Health vote: Will pro-repeal Dems flip?
by Jennifer Haberkorn
July 12, 2012
This week’s House vote on repeal of President Barack Obama’s health care reform law could have all the suspense of a summer re-run — unless additional Democrats defect to support repeal.
The floor debate is likely to mirror the partisan rancor that has been replayed more than two dozen times over the past 18 months as the House has taken up repeal or defunding of the health law, only to see the measures die in the Senate, as this one is destined to do.
Only three Democrats supported full repeal in January 2011: Reps. Dan Boren, Mike McIntyre and Mike Ross. Since then, several other Democrats have supported partial repeal or have made other moves to align themselves with conservatives as they enter difficult reelection battles.
So far, only one Democrat, Rep. Larry Kissell of North Carolina, has said he will join the pro-repeal ranks when the House votes this week.
“I’ve heard from hundreds and hundreds of people from my district about their opposition to the health care law,” Kissell told the Charlotte Observer last week, explaining his stance. “I voted against it originally and I will vote to repeal it.”
Kissell opposed full repeal in January 2011 but has voted to repeal pieces of the law since then, including the 1099 tax reporting requirements and the Independent Payment Advisory Board, which is going to be responsible for controlling Medicare spending growth.
For Democrats considering supporting repeal, the vote poses a quandary. They could garner support from conservatives for supporting repeal of an unpopular law, but risk looking like a “flip-flopper.”
House Democratic leaders are whipping the vote to see if there will be additional defections — and there are several votes to watch, including nine other Democrats who voted against the law when it passed in 2010. Those were Reps. Collin Peterson of Minnesota, Jason Altmire and Tim Holden of Pennsylvania, Dan Lipinski of Illinois, Heath Shuler of North Carolina, Jim Matheson of Utah, John Barrow of Georgia, Ben Chandler of Kentucky and Stephen Lynch of Massachusetts.
Most of them have voted to repeal or defund at least one piece of the law. Some have sided with Republicans during other high-profile votes, such as holding Attorney General Eric Holder in contempt of Congress. Some are also facing tough reelection fights.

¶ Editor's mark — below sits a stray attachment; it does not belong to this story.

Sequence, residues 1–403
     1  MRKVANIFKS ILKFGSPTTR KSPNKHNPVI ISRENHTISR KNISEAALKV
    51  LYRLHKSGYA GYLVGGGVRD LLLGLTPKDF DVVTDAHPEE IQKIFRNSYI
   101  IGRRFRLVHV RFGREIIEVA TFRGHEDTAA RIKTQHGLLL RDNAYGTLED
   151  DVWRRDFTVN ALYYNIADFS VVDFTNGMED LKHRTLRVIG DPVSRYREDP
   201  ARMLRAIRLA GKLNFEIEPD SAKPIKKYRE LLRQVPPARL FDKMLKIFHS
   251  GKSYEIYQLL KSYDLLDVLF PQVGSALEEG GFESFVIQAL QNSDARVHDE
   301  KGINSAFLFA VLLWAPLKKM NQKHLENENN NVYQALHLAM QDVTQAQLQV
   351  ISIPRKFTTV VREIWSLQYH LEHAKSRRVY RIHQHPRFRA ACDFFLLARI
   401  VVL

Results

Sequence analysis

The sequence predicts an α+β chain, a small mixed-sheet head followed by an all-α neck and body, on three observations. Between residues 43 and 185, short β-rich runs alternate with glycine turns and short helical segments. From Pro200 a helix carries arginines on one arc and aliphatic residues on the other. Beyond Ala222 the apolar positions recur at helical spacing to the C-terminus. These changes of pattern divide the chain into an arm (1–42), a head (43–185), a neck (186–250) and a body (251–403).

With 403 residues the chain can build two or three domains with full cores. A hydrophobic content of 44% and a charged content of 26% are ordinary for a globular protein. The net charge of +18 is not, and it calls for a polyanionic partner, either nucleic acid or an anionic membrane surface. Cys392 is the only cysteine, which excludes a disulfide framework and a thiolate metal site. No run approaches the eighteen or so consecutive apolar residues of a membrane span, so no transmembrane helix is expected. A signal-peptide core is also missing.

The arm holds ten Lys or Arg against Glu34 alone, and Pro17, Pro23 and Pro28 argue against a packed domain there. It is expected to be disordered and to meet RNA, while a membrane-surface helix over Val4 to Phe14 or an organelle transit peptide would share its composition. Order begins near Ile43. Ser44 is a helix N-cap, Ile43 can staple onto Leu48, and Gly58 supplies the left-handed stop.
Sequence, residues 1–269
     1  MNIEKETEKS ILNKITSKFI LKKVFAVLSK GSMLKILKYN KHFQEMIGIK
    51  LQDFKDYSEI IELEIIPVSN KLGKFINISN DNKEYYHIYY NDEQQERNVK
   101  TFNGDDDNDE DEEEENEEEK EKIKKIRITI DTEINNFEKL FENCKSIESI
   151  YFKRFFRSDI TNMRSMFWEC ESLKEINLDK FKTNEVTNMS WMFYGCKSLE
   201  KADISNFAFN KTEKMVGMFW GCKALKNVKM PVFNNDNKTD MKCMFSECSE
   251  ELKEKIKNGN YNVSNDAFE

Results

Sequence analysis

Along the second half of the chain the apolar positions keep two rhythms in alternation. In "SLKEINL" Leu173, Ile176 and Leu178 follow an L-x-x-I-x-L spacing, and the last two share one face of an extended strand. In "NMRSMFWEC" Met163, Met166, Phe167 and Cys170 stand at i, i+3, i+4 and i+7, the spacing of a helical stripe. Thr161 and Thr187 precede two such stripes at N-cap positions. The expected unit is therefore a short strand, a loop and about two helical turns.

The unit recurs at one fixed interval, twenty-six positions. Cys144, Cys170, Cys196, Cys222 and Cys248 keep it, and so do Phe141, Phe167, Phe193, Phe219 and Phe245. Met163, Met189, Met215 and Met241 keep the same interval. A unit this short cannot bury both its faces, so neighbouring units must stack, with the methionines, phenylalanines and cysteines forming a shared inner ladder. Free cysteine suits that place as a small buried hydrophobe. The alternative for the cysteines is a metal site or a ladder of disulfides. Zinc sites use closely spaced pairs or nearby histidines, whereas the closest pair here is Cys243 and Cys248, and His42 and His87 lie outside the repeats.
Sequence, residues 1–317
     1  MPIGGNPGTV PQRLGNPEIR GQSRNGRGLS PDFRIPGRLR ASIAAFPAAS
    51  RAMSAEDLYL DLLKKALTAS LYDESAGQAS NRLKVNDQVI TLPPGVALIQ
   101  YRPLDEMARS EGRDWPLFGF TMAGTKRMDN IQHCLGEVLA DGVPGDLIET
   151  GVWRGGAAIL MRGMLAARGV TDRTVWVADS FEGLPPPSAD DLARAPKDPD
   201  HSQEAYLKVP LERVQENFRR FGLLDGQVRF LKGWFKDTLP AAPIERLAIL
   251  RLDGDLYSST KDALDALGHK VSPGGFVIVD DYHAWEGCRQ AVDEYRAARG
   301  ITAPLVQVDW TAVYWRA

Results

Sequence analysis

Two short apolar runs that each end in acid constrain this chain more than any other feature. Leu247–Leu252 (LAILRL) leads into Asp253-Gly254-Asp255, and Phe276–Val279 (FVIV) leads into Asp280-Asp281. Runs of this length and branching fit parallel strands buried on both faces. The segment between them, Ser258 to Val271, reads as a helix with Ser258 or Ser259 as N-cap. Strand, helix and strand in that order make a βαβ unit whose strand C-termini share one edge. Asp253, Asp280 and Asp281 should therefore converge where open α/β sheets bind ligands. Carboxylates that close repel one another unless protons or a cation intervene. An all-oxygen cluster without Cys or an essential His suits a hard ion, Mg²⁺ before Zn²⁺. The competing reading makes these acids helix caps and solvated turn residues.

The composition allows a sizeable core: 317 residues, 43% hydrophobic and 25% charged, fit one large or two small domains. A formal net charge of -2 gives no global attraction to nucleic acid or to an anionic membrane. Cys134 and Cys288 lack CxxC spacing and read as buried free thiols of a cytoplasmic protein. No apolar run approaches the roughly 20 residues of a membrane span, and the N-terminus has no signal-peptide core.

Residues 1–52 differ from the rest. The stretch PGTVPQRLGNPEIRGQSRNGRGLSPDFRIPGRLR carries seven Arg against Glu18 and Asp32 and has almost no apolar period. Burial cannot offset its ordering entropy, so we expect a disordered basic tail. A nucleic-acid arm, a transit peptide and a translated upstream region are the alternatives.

For instance, Peterson and Matheson are running in districts that are more Republican in 2012. Both opposed full repeal but have supported repeal of various pieces of the law.
Matheson’s office declined to comment on whether he has decided on how he would vote and Peterson’s office did not respond to a request for comment.
Lipinski is another Democrat who opposed the law and opposed full repeal. But he has voted with Republicans to repeal select pieces of the law, such as the Community Living Assistance Services and Supports, or CLASS, provision, and his statements have become increasingly harsh.
“More than two years have passed since I voted against the health care law because it is unaffordable, cuts Medicare, does not do enough to lower the soaring cost of health care, and would allow federal funding for abortion,” Lipinski said after the Supreme Court ruled on the law last month. “The details about the law that have emerged in the meantime have only added to my concerns.”
Rep. Kathy Hochul of New York wasn’t yet in the House during the first full repeal vote but she has voted to repeal pieces of the legislation. Her office did not return a request for comment Monday but she has said in the past that she wants to improve the Affordable Care Act.
Wednesday’s vote was planned to signal Republicans’ determination to get rid of the law legislatively after the Supreme Court did not strike it as unconstitutional.
“In light of the Supreme Court’s decision last week, I think it is important to once again send the message, underline the point that until you get rid of this underlying law, it’s very difficult to move forward,” said Rep. Michael Burgess (R-Texas), one of the most vocal House Republicans on health care.
While the vote tally could change slightly, most positions on the health law haven’t changed much since well before the law passed in March 2010.
“People are talking from talking points — that’s why the Sunday morning talk shows are getting so boring,” said John C. Goodman, president of the National Center for Policy Analysis and author of “Priceless: Curing the Healthcare Crisis.” “You certainly aren’t seeing [new opinions] on TV or the floor of either chamber.”
Republicans say that voting for repeal now isn’t going to “undo” previous support for the law.
“Nearly every House Democrat is on record supporting Obamacare’s massive tax increases and rising costs on job creators. Each one of them will be held accountable for those votes regardless of their pathetic attempts to distance themselves from an unpopular law signed by an unpopular president,” said Paul Lindsay, spokesman for the National Republican Campaign Committee.
For their part, Democrats are hoping for some Republican flips in their direction — although the Republicans have been quite united in opposing the president’s health law.
The Democratic Congressional Campaign Committee has released ads reminding voters of the law’s benefits, such as free preventive health screenings and coverage for children up to age 26. The ads are running in the districts of Reps. Dan Lungren and Mary Bono Mack of California, Bob Dold, Judy Biggert and Bobby Schilling of Illinois and Nan Hayworth and Chris Gibson of New York.
“Your member of Congress may vote to repeal important health care benefits for everyday Americans,” the ads say. “But she protected ‘generous’ health plans for Congress at taxpayer expense.”